anything like C++ references?

Adam Ruth owski at hotmail.com
Wed Jul 16 20:39:15 CEST 2003


In <donn-6E63A0.10284316072003 at nntp1.u.washington.edu> Donn Cave  wrote:
> In article <20030716081156943-0600 at news.xmission.com>,
>  Adam Ruth <owski at hotmail.com> wrote:
> 
>> In <1058328099.572993 at yasure> Donn Cave wrote:
>> > Quoth Adam Ruth <owski at hotmail.com>:
>> > ....
>> >| In Python, there is no situation where "you really can't avoid 
>> >| pointers".  
>> > 
>> > That's trivially true, no such situation can exist because that
>> > Python can't be coded.  I'll repeat an example that I proposed
>> > a couple days ago, though:  user implemented sequences could be
>> > implemented with a single simple indexing function, returning
>> > a pointer/target/whatever;  Python could assign directly to that,
>> > making "seq[i] = x" the same kind of operation as and automatically
>> > symmetrical with "x = seq[i]".
>> > 
>> > It can't be done without pointers, as far as I can see.  You may 
>> > not care if it can be done, but I think you'd agree that "there is 
>> > no situation that I care about where you really can't avoid 
>> > pointers" would be kind of a lame version of your assertion.  	Donn 
>> > Cave, donn at drizzle.com 
>> 
>> I did a quick google search and couldn't find the thread you're 
>> referring to.  Could you summarize it for me? It sounds interesting.  
>> I  do so love the taste of my foot in my mouth.
> 
> http://groups.google.com/groups?selm=1058154004.286325%40yasure&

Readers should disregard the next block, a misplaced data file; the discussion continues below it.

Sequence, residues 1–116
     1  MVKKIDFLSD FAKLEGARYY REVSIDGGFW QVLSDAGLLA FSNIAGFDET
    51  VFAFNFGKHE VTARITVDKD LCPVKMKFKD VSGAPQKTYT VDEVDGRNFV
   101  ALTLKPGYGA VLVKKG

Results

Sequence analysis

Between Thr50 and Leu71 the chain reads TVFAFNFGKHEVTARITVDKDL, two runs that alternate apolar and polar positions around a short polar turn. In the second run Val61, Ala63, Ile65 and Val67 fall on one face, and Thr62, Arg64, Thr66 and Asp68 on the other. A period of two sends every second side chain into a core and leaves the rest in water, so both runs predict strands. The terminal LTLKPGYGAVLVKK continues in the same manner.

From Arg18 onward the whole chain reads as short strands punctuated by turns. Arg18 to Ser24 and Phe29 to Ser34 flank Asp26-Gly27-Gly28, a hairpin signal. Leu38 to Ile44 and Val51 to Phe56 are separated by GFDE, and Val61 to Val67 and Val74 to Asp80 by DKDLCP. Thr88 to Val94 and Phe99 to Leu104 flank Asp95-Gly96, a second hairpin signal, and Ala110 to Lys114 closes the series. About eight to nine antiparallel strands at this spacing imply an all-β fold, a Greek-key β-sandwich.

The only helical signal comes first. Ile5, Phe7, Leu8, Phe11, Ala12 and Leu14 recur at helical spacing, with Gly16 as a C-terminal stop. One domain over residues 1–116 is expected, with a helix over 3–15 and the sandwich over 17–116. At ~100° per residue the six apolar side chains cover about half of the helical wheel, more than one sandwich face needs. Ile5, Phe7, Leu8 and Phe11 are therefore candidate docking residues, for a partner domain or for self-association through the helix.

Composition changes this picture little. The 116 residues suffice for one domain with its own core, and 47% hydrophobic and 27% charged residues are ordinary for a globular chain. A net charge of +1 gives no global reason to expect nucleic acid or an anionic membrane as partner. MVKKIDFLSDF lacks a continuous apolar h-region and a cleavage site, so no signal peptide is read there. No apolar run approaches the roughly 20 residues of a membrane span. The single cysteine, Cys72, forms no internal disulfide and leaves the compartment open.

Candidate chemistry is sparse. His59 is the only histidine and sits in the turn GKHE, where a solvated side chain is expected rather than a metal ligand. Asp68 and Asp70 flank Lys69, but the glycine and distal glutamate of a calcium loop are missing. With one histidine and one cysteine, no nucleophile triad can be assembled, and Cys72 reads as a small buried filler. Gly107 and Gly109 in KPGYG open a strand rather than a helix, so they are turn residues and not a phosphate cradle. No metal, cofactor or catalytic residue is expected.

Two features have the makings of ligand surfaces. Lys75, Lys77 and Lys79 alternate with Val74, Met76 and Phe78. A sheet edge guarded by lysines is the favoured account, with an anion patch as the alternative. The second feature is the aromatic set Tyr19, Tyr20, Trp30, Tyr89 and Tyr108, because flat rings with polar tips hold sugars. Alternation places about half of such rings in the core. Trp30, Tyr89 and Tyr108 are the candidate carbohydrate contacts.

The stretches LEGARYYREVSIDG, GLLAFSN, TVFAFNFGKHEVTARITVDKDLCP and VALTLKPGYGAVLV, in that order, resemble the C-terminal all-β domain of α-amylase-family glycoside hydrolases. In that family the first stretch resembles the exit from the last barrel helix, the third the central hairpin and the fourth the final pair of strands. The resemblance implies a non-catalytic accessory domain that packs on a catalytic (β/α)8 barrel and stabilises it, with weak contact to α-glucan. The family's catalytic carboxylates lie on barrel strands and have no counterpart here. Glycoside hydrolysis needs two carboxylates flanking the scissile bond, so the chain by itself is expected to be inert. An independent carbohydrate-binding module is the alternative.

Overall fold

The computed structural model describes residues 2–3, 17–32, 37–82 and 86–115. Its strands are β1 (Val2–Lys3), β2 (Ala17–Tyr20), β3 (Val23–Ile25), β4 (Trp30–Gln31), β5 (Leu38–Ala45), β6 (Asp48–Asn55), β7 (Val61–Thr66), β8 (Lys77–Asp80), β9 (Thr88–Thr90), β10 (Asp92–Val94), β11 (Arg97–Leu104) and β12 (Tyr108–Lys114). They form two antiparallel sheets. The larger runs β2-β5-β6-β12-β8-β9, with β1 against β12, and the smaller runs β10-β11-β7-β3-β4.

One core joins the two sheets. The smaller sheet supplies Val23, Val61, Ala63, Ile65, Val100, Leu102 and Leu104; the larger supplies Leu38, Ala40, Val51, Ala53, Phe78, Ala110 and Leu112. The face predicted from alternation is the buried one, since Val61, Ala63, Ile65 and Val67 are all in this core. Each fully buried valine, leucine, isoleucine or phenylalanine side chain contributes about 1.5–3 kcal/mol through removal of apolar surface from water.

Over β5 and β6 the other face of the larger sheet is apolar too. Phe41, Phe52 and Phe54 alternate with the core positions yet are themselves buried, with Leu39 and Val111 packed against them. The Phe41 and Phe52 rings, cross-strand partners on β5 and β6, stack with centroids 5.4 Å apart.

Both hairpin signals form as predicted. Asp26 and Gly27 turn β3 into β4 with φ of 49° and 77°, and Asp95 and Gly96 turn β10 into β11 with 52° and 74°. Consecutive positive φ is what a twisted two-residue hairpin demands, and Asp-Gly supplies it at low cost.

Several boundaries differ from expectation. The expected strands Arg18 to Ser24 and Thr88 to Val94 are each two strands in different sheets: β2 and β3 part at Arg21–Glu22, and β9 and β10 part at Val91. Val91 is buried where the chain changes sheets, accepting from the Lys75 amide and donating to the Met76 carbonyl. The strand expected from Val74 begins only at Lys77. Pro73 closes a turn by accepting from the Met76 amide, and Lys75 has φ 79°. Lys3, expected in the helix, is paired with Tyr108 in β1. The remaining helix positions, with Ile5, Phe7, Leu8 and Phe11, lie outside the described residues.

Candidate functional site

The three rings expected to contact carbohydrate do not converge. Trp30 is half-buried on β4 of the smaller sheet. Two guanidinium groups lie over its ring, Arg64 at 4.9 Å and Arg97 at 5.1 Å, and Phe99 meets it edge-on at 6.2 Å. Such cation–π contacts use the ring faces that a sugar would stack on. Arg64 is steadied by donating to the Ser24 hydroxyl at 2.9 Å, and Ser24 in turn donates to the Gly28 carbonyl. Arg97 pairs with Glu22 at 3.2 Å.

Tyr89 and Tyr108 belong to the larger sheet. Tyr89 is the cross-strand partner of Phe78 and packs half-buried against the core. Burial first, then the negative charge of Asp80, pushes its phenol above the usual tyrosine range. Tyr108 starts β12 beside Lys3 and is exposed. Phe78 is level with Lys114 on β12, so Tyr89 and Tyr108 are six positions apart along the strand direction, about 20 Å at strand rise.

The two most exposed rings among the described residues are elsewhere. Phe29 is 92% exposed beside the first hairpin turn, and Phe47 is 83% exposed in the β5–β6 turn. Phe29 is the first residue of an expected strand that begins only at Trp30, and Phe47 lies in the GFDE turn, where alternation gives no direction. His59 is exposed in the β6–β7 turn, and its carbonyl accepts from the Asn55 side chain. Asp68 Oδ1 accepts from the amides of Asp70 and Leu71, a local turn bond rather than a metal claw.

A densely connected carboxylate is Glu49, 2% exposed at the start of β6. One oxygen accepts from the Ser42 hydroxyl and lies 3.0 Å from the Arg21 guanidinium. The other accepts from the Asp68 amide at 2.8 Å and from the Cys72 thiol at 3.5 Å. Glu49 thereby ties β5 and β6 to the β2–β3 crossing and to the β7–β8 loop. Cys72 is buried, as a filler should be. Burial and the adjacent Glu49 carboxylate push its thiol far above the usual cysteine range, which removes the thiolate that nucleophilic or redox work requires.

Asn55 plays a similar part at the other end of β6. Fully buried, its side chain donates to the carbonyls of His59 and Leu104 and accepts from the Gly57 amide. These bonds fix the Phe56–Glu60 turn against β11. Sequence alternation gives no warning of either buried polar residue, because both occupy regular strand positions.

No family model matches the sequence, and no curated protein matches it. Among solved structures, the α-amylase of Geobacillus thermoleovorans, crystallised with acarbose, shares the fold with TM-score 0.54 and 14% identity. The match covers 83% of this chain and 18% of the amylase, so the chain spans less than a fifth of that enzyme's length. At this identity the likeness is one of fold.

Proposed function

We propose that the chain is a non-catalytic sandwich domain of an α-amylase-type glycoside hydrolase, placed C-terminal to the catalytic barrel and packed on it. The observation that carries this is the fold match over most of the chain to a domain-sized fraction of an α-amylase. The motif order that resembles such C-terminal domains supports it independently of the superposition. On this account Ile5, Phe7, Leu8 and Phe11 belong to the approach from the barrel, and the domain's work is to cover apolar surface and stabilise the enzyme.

> output=gp lain

<snip description of getitem/setitem>

> Really I think that's the main point.  There are some useful
> and relevant features that Python doesn't have and will never
> have, and that's OK.  The real limitation of any programming
> language tends to be its external interfaces - if you really
> can't write a decent web browser in FORTRAN-IV, that's probably
> the real reason, not any fundamental limitation of the language.
> That doesn't mean FORTRAN-IV is a good language, it means that
> its badness can't be expressed in terms of fundamental limitations,
> so this question of whether you "really need" something tends to
> make a poor basis for discussion.
> 
>    Donn Cave, donn at u.washington.edu

You are correct, 'really need' is not much of an argument.  The 
statement I disagreed with was that it was bad to simulate pointers in 
those situations where "you really can't avoid pointers".  I was 
expressing that really aren't any such situations, and that it's even 
worse try to simulate pointers when it's not really necessary.




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